Huang brothers experience the American life


Mac Harden

The Huang brothers are living the American dream. The brothers are on their way to becoming permanent citizens of the United States.

It is not uncommon for families to move cities and for teens to have to learn to adapt to a new school, but Mike and John Huang face a challenge far greater than moving just between cities. Traveling all the way from China, Carlsbad welcomes these two brothers to the CHS junior class.

The Huang brothers found this opportunity from a friend they know who also lives in the United States. Once they heard about this, the twins took the chance and moved halfway across the world to the suburban beach city of Carlsbad.  With many different options to choose from, one might ask, why Carlsbad? However, California seemed to be the clear choice for the Huang brothers.

“Here there is a better education, and there is also a better environment for our education,” Mike said. “This school is much more relaxed, so we have a lot more free time to do other things.”

Not only are they studying at CHS, but they are also getting involved in different activities and clubs, which helps them meet new people.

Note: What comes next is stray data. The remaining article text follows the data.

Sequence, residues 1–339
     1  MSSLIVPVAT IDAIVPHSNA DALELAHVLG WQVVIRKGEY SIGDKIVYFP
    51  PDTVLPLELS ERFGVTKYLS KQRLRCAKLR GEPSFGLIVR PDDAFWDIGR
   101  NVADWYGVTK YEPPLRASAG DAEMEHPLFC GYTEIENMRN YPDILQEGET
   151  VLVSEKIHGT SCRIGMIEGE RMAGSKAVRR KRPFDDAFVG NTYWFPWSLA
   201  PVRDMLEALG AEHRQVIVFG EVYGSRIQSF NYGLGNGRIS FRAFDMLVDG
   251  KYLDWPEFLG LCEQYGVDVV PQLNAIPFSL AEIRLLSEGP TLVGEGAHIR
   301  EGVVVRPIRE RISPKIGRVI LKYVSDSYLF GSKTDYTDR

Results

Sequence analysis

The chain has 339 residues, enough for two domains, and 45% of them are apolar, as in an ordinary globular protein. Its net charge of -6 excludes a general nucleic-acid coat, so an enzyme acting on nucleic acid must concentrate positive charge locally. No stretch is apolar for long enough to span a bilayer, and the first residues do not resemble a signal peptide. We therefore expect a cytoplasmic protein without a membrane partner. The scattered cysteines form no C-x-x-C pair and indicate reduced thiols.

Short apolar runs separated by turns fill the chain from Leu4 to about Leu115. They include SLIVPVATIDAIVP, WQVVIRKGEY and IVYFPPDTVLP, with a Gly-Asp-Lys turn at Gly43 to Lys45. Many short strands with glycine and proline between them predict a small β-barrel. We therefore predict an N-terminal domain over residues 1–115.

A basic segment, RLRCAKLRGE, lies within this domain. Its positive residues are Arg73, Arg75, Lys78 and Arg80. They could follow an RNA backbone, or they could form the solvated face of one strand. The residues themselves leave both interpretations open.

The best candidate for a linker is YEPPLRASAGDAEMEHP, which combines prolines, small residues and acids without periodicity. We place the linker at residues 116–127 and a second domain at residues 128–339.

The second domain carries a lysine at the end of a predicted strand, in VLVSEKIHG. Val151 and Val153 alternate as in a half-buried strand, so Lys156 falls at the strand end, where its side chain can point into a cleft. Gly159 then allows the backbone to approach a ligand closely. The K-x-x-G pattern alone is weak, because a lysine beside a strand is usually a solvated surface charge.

“I joined the Red Cross Club and the Robotics Club,” Mike said. “I have met a few new friends from diverse backgrounds.

John also adapts to what Carlsbad offers, but misses a few aspects about China that he cannot find here in the west coast.

“This school is pretty easy,” John said. “And I also joined the Red Cross Club, but I will mostly be looking forward to buying Chinese food again. We cannot get any quality Chinese food here.”

The Huangs adapted well to their new home, and have grown to especially appreciate the varying qualities of the individuals at CHS.

“I think CHS is beautiful; it is a big school and I think I can make a lot of friends,” Mike said. “But, I am pretty interested in the different colored hair. The people here look really awesome.”

They have already lived here for a year, however their visit will continue. These brothers are becoming permanent citizens of the United States.

“We are now residents of California,” John said. “But we will go back to China for summer vacation.”

Besides the differences they have found in education, they have also come to recognize the differences in culture.

“The main difference, of course would be language,” Mike said. “The way we think of things is different to Americans. The cultures, like the way we talk, go to school and even eat, are all different compared to China.”

Adjusting to a new country seems difficult, but these brothers put are learning to put the differences they have found between China and California aside and embrace life from the opposite side of the world.